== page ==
St. Ambrose Press
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St. Ambrose Press

A Brief History of Catholic Comic Books

Over the past decade, Marvel, DC Comics, and major production studios such as Sony Entertainment and Warner Brothers have invested hundreds of millions of dollars in developing a new genre of movies, video games and television shows based on fictional characters such as Captain America, Iron Man, Spiderman, Daredevil, X Men etc. This explosion of new ‘superhero’ content is a reflection of our love for heroic adventure, the battle between good and evil, and the virtues of duty, selflessness, magnanimity and service.

The success of this genre has been built upon several decades of content written to entertain and inspire children, parents and young adults across all generations concerning factual historical events, current events and family friendly entertainment that is for the most part clean. The recent popularity of the Marvel cinematic universe and events such as Comic Con is a reflection of a deep love for ‘superheroes’ to combat ‘villains’ in order to protect the weak and the innocent. A platform to inspire people to be the best versions of themselves and to fight against injustice.

In the 1940s and 50s, lay Catholics in the United States saw an opportunity to use comic books as a means of reaching out to children, teens and young adults to inspire them with stories about the Saints, the values of good citizenship, the cultivation of virtue and current events that were and still are, undermining the freedom and dignity of the human person.

During this time period, the Catechetical Guild Educational Society of St. Paul, Minnesota published a series of excellent comic books written by staunch no nonsense Catholics on Saints such as St. Vincent de Paul, St. Joan of Arc, Pope Pius XII, Cardinal József Mindszenty, Jesuit Missionaries in Canada, the Mexican Martyrs, the life of our Blessed Mother, Our Lady of Fatima, the Life of Our Lord, and other topics concerning the dangers of communism, moral relativism and the threats of totalitarianism as illustrated above.

These comic books where primarily published for Catholic schools, parishes and youth groups with a deep desire to form and minister to youth and families. The caliber, quality and depth of content published during this period is something truly remarkable and still applicable for all readers today, whether they may be a school boy or girl, a young adult in college, a seminarian, a religious sister or even grandparents who may have read these books growing up.

Between 1946 to 1972, George A. Pflaum, a devout Catholic and owner of the Pflaum Publishing Company of Dayton, Ohio published, the ‘Treasure Chest of Fun & Facts’, a Catholic publication of short stories and comics on current events, history, short stories, the lives of Saints, biblical passages, sports and programs for Catholic students in schools and parishes. One of the most notable writers for these comic books was John Tartaglione, a native of Brooklyn, New York who played a key role in providing excellent content that was relevant but entertaining for Catholic school kids. The comic books covered a wide spread of information that would make it entertaining for children and youth to read during their free time.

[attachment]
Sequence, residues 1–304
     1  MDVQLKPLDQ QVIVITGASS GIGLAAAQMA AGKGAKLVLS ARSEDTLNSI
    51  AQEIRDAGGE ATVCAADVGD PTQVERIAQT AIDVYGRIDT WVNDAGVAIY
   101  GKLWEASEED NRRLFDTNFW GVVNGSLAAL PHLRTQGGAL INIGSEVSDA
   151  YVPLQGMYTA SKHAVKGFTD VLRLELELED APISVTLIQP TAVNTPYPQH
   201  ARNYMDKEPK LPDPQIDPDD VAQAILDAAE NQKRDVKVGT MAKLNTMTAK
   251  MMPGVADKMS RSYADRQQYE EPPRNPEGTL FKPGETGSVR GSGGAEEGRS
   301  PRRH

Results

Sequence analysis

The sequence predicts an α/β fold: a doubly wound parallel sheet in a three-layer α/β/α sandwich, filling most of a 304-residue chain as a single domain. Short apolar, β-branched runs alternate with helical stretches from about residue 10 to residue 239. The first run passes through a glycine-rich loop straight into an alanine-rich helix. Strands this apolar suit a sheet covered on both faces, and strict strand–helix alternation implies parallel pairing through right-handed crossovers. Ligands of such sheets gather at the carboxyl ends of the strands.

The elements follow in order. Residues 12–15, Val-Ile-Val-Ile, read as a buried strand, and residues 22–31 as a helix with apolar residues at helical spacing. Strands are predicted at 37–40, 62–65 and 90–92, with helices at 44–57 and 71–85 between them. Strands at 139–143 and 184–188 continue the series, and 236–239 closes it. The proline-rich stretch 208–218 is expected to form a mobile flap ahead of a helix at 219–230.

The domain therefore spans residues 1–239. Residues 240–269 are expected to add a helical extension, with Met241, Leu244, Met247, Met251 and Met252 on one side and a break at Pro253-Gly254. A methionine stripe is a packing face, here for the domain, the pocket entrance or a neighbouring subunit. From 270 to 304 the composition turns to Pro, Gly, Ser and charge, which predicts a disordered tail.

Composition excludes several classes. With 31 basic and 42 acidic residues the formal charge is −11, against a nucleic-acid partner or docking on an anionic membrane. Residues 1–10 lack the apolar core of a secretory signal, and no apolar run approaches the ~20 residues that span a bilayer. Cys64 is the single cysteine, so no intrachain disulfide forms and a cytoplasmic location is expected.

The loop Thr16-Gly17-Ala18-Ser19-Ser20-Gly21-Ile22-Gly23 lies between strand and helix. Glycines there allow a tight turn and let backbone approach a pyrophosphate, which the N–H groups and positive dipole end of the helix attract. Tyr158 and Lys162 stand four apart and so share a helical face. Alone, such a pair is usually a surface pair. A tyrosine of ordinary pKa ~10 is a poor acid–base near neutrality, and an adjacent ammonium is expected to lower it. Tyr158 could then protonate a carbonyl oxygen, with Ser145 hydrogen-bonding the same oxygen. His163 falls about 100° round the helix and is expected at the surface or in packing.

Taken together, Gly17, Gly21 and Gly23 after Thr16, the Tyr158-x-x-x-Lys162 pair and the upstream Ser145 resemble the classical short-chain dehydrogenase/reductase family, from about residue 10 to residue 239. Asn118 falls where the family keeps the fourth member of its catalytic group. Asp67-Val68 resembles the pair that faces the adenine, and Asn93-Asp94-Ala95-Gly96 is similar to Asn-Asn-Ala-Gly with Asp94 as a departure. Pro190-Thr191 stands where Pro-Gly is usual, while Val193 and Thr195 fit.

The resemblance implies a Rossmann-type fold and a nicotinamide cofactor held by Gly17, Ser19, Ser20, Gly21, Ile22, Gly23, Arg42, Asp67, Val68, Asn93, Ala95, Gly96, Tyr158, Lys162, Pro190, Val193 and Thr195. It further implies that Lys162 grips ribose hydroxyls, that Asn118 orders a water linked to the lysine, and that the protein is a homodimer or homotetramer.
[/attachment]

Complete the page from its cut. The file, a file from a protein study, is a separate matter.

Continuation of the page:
Mr. John Tartaglione was also responsible in his later career for getting Marvel to publish Catholic comic books on Mother Teresa of Calcutta, during her visit to the United States in 1984 and a biography of St. John Paul II, also written by John and his team. Around this time, a young Franciscan Capuchin, Fr. Roy Gasnick OFM of the Franciscan Friars of Holy Name Province, New York, published two comic books and one illustrated book on St. Francis in the 1980s and early 90s: Francis, Brother of the Universe, Marvel, 1980, Serra: American Founding Father, 1987 [Blessed Junipero Serra responsible for establishing the Spanish Missions in California and Mexic] and Francis of Assisi: The Song Goes on, 1984 —an illustrated book on St. Francis.

Today, the tradition of publishing comic books for young Catholics is still alive and well, there are many writers and illustrators dedicated to providing good content to readers. Such forms of communication and art, tells the truth about the Church, the factual lives of the Saints and those who serve the Church, giving them authenticity, and an authentic message to all readers about the true mission of the Church in this world rooted in Truth and in the messages of the gospels.

These comic books also seek to form readers on the importance of living the life of virtue, the sacramental life and having a deep relationship with God to be an everyday hero in one’s family and community. Catholic Comic Books of the past and present share much in common with their secular counterparts, they both seek to form readers with a deep responsibility to make a positive contribution in our world today and make a difference to those who need it the most.

Features and inset photographs courtesy of DC Comics, Marvel, Catholic University of America and Regina Doman Publishing.

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